US authorities have discovered a home in Texas where human smugglers were keeping over 100 undocumented migrants against their will, providing a high-profile example of how organized crime manifests itself north of the border.
At the house in southeast Houston, 94 men and 15 women were being held for ransom in squalid conditions, reported La Prensa Grafica. Houston police made the discovery after receiving a call from a Houston family about a woman who, along with her children, failed to appear with her human smuggler, or “coyote,” at a designated meeting point.
Houston police spokesman John Cannon said inside the house they found “bodies upon bodies, people stacked on top of each other.” The house had one partially functioning bathroom and no hot water, and human waste covered the floor, reported the New York Daily News. Migrants reported having been in the house anywhere from several days to two weeks.
Greg Palmore, spokesperson for US Immigration and Customs Enforcement (ICE), said this was the largest number of people discovered in such a house in five years, and that while it was too soon to determine if this was a human trafficking operation, it appeared so, reported Prensa Grafica.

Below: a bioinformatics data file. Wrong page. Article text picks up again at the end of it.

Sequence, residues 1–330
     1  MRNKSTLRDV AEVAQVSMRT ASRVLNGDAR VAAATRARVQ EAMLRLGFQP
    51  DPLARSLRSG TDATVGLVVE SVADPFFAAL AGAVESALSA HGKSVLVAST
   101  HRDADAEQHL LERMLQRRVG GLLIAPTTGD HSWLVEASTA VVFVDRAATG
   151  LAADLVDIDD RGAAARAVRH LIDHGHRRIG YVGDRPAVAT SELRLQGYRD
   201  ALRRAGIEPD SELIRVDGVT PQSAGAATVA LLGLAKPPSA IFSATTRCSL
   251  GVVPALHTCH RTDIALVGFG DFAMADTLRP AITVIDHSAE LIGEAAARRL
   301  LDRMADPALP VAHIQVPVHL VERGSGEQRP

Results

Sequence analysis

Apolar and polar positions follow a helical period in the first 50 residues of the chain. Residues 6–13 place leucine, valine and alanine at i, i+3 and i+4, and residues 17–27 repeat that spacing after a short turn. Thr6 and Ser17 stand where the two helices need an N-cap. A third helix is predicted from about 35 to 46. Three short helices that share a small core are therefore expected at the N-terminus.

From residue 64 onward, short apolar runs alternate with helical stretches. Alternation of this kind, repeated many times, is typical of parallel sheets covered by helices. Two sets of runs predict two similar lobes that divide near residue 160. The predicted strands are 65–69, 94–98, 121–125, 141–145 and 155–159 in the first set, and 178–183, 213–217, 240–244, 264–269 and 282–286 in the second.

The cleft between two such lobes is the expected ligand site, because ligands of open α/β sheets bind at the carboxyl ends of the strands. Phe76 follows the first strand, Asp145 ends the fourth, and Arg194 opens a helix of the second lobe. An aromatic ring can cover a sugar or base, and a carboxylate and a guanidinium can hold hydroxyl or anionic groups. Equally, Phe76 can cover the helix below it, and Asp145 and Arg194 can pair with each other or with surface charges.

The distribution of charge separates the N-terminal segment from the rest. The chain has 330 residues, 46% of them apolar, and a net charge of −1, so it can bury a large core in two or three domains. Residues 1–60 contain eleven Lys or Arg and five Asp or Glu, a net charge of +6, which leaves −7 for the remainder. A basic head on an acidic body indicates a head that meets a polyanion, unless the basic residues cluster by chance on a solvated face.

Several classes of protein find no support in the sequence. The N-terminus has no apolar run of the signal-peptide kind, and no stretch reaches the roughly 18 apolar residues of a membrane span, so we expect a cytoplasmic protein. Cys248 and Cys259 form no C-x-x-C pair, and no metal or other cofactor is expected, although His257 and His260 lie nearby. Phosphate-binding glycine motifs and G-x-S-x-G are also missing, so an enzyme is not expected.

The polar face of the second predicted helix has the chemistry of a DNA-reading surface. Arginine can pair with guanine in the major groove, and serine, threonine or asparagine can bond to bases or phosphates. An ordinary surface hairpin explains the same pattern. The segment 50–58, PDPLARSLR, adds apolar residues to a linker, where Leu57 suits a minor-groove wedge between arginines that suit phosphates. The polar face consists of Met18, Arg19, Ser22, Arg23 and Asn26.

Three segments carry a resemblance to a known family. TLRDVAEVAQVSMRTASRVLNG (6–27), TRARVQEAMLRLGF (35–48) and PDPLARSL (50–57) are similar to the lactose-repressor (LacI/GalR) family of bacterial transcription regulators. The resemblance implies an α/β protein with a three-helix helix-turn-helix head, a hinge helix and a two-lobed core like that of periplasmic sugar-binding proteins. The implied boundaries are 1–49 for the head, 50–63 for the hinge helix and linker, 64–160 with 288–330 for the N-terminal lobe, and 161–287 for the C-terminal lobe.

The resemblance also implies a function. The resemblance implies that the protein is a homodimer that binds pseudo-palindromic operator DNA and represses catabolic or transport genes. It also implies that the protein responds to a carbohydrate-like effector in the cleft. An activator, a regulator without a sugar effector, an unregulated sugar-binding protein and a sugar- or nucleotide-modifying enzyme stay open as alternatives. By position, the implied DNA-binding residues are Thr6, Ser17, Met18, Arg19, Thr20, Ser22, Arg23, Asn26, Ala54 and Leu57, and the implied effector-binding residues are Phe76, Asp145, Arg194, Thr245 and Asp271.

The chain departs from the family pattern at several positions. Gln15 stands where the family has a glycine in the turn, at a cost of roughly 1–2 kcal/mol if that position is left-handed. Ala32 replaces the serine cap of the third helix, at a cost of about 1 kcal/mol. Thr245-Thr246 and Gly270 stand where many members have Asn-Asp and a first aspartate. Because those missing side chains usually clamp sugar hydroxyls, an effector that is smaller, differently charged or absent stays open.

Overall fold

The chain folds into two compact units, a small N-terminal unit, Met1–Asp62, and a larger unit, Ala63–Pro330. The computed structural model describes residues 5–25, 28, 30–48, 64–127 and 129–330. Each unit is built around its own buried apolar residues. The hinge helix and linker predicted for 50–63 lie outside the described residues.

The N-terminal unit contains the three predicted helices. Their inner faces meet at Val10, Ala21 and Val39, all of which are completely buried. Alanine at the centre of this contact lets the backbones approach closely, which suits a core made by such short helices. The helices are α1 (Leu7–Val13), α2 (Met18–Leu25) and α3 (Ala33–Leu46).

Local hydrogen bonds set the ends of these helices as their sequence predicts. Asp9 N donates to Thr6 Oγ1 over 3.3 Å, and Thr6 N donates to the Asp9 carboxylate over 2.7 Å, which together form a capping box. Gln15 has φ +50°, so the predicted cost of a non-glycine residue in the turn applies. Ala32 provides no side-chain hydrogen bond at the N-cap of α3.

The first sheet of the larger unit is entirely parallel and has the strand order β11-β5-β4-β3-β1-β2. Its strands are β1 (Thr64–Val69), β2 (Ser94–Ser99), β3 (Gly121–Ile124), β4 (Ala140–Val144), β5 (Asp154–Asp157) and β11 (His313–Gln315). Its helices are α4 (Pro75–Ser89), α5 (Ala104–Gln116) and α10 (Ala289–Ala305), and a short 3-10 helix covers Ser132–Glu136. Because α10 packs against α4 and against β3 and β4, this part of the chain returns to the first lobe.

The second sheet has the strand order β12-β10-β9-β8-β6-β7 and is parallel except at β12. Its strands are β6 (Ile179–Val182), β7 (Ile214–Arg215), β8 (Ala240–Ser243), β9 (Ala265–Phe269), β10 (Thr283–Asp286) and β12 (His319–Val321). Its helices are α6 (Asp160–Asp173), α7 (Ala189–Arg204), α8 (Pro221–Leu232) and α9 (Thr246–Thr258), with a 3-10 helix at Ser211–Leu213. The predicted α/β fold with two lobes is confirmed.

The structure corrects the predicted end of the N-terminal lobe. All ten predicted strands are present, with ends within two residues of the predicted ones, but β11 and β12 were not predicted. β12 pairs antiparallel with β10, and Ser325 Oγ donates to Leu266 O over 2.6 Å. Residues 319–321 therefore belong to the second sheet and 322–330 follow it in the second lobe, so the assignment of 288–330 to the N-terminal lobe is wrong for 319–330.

The migrants were principally from Guatemala, Mexico, Honduras, and El Salvador. No Costa Ricans were reported among the captives. Five men who appeared to be running the network have been detained.
The road north for Latin American migrants attempting to reach the United States is filled with peril, with various criminal organizations collecting revenue from migrants by charging tolls along the route. Migrants also risk being kidnapped, beaten and raped by criminals.
Migrants who undertake the journey often choose to employ the services of a professional smuggler, or “coyote,” to lower the chances of being victimized. These smugglers, however, are unreliable at best. With their “clients” beholden to them, coyotes are known to sometimes demand more money.
There is also the risk of what Texas authorities have referred to as a “coyote rip,” when gangs kidnap migrants and demand ransom money. This occurred in a 2011 case involving MS13 members in Houston, in which the smuggler had apparently failed to pay a tax to the gang.
The migrants in the current case may have been subject to a similar fate, while the sheer number of people being held captive suggests the smugglers were affiliated with a larger criminal network. It is also probable that there are other houses in the area being used for the same purpose.